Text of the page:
We observed distinct clustering of BBB and BTB endothelium using principal component analysis (PCA) (Additional file 1: Fig. S3a) and identified 988 BTB-enriched and 480 BBB-enriched transcripts (Fig. 5a). To validate these findings, we conducted semi-quantitative immunofluorescence for three proteins: serine protease 3 (PRSS3), intracellular adhesion molecule 1 (ICAM1), and k-ras (KRAS). BTB enrichment was confirmed at the protein level for serine protease 3 (p = 0.022, unpaired one-tailed t-test) and intracellular adhesion molecule 1 (p = 0.048), while a non-differentially expressed transcript (KRAS) maintained similar protein expression between both models (p = 0.187) (Fig. 5b, Additional file 1: Fig. S2c). To predict phenotypic differences between the BBB and BTB, we conducted gene-set enrichment analysis (GSEA) on Hallmark gene sets (Fig. 5c, Additional file 1: Fig. S4). BTB-associated Hallmark gene sets and transcripts driving their enrichment included: interferon alpha/gamma responses (IRF1, IRF5, CCL2, CCRL2, ICAM1), apoptosis (CASP8, MMP2, TNFRSF21), IL-6 signaling (IL6, IL18R1, TNFRSF1A, CXCL10), coagulation (TIMP3, PECAM1, MMP9), complement (PRSS3, PLAT, PLAUR, SERPINE1, ADAM9), hypoxia (VEGFA, FOS, FOSL2), among many others. BBB associated Hallmark gene sets included those associated with canonical BBB functions including wnt-beta catenin signaling and NOTCH signaling (WNT5A, HEY1).

Fig. 5
figure 5

Blood-tumor barrier phenotype within in vitro metastatic lesions. a Volcano plots depicting significantly (adjusted p < 0.05) upregulated genes (blue) and downregulated genes (red) between BBB and BTB microvessels. Bulk RNA was collected from control microvessels (n = 3) and microvessels surrounded by JIMT-1-BR spheroids (n = 3), two days after seeding of iBMECs. b Semi-quantitative validation of PRSS3, ICAM-1, and k-ras protein levels (n = 4). Representative immunofluorescence images of BBB and BTB microvessels at day 2 are shown with DAPI-labeled nuclei in blue. c Lollipop plot of select Hallmark gene sets enriched and depleted in BTB microvessels. de Representative images and quantification of THP1 (monocyte-like) immune cell and JIMT-1-BR cancer cell adhesion to BBB and BTB microvessels (n = 4). Arrows denote adherent cells. iBMECs (red), JIMT-1-BRs (green), THP-1 s (magenta). fg Representative images and quantification of cell turnover events (proliferation and cell loss) between BBB and BTB microvessels (n = 7–8). Asterisks denote proliferation and cell loss events. Turnover is calculated as the difference between rates of cell proliferation and cell loss. Data are presented as mean ± SD. Statistical analysis was performed using a student’s unpaired t-test (two-tailed with unequal variance); *p < 0.05. See also Additional file 1: Figs. S3, S4 and Additional file 2: Data S1

Canonical endothelial transcripts (i.e. KDR, CDH5, VWF) were not uniformly altered within the BTB endothelium, suggesting that endothelial identity was not perturbed by cancer co-culture (Additional file 1: Fig. S3b). Given recent findings on iBMEC expression of epithelial transcripts [38], we sought to determine if cancer co-culture mediates vascular changes by augmenting epithelial identity of iBMECs. However, we found that most epithelial transcripts (i.e. CDH1, EPCAM, CLDN6) were not differentially expressed between the two models. Additionally, breast cancer marker genes were not broadly upregulated in iBMECs in the BTB model, suggesting minimal contamination of non-endothelial cells (Additional file 1: Fig. S3b); cancer associated transcripts that were upregulated including ESR1 and PLAU are known to be expressed by endothelial cells [39, 40]. Lastly, we benchmarked our findings to recent transcriptomic profiling of endothelial cells isolated from normal brain tissue and from patients with lung adenocarcinoma metastases [41]. 10% of BTB-enriched genes found here were also upregulated in endothelial cells isolated from lung adenocarcinoma metastases, including transcripts involved in epithelial-to-mesenchymal transition (SERPINE1), angiogenesis (VEGFA, CNN1) and extracellular matrix organization (ITGB6, ITGA5, COL6A1, COL6A2) (Additional file 2: Data S1). Since endothelial isolations from human tissue also contain contaminating mural and glia cells, a more precise benchmarking of our findings is not possible.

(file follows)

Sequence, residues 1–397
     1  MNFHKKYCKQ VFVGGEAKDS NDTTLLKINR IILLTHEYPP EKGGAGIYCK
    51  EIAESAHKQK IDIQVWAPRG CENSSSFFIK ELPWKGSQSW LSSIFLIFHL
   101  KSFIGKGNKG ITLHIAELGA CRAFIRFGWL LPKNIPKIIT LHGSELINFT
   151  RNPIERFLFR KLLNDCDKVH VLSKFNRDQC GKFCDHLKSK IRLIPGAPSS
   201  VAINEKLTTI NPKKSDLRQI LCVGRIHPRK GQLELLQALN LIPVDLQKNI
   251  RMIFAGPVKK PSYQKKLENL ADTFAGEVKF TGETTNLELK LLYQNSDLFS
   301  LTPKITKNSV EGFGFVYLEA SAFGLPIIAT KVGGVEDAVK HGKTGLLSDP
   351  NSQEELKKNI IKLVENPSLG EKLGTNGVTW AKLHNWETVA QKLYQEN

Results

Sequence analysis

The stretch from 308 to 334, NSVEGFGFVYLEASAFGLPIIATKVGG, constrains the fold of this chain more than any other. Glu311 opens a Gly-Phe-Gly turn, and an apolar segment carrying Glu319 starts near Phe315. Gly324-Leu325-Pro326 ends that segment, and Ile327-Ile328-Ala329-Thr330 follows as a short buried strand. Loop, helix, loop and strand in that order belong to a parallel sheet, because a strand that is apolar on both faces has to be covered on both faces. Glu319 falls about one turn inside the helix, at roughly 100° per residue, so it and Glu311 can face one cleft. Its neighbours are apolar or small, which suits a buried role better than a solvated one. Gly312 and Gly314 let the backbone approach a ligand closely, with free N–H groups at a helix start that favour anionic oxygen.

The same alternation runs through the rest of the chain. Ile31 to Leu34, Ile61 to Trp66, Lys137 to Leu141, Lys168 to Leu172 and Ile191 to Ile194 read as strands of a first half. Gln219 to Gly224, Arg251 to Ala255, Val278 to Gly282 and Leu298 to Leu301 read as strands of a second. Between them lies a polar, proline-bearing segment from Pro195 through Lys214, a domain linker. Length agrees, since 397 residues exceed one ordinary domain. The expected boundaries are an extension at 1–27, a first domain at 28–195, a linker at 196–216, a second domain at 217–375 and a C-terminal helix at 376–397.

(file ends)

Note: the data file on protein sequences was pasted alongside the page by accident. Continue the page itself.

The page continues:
Metastatic BTB displays elevated immune cell adhesion and endothelial turnover

Gene set enrichment analysis was suggestive of diverse functional differences within the BTB, as well as loss of canonical BBB functions. We explored various functional responses between BTB and BBB microvessels, including adhesion of cancer/immune cells and endothelial turnover. Post-capillary venules are the preferential site of cancer cell and immune cell extravasation due to low shear stress and unique protein/gene expression [42]. To probe differences in cell adhesion to the endothelium, we perfused BTB and BBB microvessels with fluorescently labeled cancer cells and monocytes (Fig. 5d). The BTB displayed significantly increased adhesion of monocytic cells to the endothelium (~ 55 cm−1) compared to BBB microvessels (~ 5 cm−1) (p = 0.017, unpaired t-test) (Fig. 5e). As monocyte-derived macrophages accumulate in brain metastases [43], our model recapitulates the early stages of the transmigration cascade. This same effect was not observed following perfusion with single cancer cells (p = 0.421), suggesting differences in the mechanism of adhesion. Although adhesion of cancer cells to the endothelium were rare events in both models, these cells remained adherent for multiple days validating this model for studies of early stages in the metastatic cascade. In mouse models of brain metastases, the BTB endothelium expresses tumor necrosis factor (TNF) receptors conferring selective vulnerability to TNF-induced permeabilization compared to the BBB [44]. Indeed, multiple TNF receptors were upregulated in BTB microvessels, including TNFRSF1A, TNFRSF4, TNFRSF9, TNFRSF18, TNFRSF21. Furthermore, monocyte-derived macrophages (MDMs) are enriched in human brain metastases [43, 45], consistent with the BTB being conducive of monocytic infiltration. Immune cell adhesion is likely mediated by an upregulation of both endothelial surface adhesion molecules (i.e. ICAM1) and TNF receptor superfamily members.